Be intentionally uncomfortable to grow

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The title is ironic, isn’t it? In a world obsessed with productivity, multitasking, and distractions, there’s plenty of stress already. The number one piece of advice we hear from friends, family, and medical professionals is to manage our stress. To disconnect often, sleep more, eat healthy, and maintain an active lifestyle. Stress has come to be seen with such negativity that we have become oblivious to its benefits.

Like everything in life, excess of everything is bad. But when applied in moderation, most things are okay or even beneficial. When consumed in excess alcohol and sweets damage your physical and mental health. But when taken in small, deliberate quantities, red wine and dark chocolate provide proven health benefits. It’s when you abuse them that they turn into risky things.

Stress is no different. When experienced in moderation, we feel uncomfortable for a short while and return to our previous state of mind thereafter. But when stress is persistent, no matter how intense, we burn out.

That’s not to say all stress is equal. Some stresses serve no purpose other than making you necessarily uncomfortable: facing the heat of a rude boss who regularly shouts at their employees, refusing to carry an umbrella in rainy weather when you hate rains, and realizing you’re delayed in your assignment right after throwing your valuable time in social media.

But stress doesn’t have to be always bad for you. Positive stress is what helps you grow in both your personal and professional lives.

Say you want to be good at playing guitar. You can play the basic chords quite fluently, but you aspire to have the same fluency with barre chords. Despite this, every time you pick up your guitar all you do is try and make it as enjoyable as possible. Do you see the irony? Without practicing barre chords, how do you expect to get fluent in them? Playing them may feel uncomfortable and stressful, but that’s what will help you grow. With enough practice, you’ll stop feeling uncomfortable and get to a point where you start enjoying barre chords.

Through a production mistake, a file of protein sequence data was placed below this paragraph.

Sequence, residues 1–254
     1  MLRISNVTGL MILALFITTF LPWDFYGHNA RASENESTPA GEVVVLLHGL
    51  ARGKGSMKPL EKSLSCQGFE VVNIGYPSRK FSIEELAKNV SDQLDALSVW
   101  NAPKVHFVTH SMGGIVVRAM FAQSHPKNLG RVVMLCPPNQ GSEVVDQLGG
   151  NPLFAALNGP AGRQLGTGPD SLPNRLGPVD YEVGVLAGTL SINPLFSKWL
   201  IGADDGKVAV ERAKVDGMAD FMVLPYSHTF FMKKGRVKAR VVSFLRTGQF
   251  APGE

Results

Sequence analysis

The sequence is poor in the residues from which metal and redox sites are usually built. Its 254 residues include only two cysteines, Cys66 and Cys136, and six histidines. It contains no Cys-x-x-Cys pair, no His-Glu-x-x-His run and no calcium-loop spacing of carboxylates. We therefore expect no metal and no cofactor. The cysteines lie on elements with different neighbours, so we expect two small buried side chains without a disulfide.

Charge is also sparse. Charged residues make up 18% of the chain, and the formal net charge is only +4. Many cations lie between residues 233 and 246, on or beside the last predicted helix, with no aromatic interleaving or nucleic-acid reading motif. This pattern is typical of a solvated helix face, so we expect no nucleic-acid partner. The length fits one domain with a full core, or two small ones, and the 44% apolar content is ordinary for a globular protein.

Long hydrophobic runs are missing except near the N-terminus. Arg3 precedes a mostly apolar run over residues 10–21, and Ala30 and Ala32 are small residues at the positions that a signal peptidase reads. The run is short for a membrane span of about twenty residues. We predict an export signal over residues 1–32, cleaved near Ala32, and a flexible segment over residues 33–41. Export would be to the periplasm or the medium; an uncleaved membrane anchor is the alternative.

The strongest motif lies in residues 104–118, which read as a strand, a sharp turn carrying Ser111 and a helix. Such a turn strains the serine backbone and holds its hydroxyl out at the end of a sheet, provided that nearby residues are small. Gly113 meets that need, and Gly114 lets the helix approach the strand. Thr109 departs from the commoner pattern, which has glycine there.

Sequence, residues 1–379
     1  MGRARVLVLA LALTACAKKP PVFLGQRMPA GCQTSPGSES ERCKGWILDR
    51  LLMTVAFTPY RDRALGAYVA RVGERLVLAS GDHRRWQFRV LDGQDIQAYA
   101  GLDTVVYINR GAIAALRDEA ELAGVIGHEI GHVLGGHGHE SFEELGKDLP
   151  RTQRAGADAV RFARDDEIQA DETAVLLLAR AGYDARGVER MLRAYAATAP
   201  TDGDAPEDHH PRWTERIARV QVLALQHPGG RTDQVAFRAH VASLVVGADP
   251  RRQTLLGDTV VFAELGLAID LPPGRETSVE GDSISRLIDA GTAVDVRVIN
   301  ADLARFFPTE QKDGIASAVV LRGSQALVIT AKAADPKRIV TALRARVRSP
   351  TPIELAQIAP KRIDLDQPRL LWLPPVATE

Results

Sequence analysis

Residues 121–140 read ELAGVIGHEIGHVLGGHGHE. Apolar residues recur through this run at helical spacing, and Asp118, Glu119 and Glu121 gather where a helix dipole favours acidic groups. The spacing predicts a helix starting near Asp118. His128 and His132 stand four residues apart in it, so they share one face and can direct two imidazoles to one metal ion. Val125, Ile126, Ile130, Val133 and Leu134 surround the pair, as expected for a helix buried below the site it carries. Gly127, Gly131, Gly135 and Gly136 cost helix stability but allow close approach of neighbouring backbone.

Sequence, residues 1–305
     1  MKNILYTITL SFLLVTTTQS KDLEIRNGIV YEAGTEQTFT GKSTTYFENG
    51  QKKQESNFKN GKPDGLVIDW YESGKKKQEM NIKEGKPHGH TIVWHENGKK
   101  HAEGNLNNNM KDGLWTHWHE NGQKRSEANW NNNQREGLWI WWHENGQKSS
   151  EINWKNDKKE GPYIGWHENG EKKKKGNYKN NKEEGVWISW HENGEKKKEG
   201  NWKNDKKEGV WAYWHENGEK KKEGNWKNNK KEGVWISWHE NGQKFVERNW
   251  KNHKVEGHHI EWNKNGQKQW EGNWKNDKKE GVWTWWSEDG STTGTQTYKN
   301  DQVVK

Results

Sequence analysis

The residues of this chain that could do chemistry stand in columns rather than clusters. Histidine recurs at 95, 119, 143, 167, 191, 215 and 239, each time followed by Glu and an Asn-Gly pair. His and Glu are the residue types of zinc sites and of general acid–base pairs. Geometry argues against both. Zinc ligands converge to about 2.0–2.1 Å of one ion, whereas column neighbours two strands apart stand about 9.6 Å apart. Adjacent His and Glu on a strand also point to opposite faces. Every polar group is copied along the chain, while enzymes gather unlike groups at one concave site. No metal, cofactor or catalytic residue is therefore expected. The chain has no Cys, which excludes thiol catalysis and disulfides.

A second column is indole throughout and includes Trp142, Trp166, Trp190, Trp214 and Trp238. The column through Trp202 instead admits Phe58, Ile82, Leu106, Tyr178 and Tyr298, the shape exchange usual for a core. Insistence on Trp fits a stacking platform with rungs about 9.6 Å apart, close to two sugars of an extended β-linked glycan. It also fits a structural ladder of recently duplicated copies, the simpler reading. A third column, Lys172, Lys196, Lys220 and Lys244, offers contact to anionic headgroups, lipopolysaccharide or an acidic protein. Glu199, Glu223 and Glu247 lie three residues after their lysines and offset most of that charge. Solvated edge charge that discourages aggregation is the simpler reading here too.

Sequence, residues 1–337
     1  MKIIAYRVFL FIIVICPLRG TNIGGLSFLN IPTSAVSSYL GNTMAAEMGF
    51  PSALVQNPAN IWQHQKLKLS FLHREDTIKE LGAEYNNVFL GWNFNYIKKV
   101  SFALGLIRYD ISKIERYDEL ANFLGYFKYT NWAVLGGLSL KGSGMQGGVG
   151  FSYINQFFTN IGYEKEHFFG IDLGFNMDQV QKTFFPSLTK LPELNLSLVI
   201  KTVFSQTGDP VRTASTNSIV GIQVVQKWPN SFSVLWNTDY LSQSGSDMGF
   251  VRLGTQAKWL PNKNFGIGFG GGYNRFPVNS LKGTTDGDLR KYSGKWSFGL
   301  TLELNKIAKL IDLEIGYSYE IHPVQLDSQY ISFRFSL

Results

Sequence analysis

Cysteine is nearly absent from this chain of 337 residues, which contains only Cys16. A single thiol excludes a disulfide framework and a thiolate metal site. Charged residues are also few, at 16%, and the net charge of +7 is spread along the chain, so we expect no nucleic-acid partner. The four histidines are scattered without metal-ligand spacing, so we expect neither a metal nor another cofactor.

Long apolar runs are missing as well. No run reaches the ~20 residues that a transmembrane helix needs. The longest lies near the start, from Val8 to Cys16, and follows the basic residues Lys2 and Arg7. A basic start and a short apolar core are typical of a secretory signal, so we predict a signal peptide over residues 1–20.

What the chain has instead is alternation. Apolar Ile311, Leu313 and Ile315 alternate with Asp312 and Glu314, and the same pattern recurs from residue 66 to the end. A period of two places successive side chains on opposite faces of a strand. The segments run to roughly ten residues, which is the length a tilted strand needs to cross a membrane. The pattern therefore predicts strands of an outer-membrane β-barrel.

I think this applies to any pursuit, skill, or hobby.

You do not become a great speaker without being uncomfortable in front of a large audience.

You do not become a great leader without putting yourself in embarrassing situations and learning from mistakes.

You do not get a great body without gradually increasing your workout intensity so it feels slightly uncomfortable at each gear shift.

The book Peak Performance explores this relationship of stress and growth intimately. I am only 25% into the book, but it’s already my biggest takeaway from it – a new way of looking at growth and being uncomfortable.

Just-manageable challenges manifest when you take on something that makes you feel a little out of control but not quite anxious or overly aroused. When the task at hand is a bit beyond your skills you’re in the sweet spot.

I don’t think this is a revolutionary new way of thinking. The Stoics promoted putting yourself in uncomfortable situations from time to time so you could feel gratitude for what you have. Eg. sleeping one night on the floor will make you appreciative of your bed. But the idea that positive stress is the key ingredient for growth is certainly thought-provoking.

Stress a bar of steel intentionally, it will become a sword that can cut through enemies. Stress it too much, it will break.

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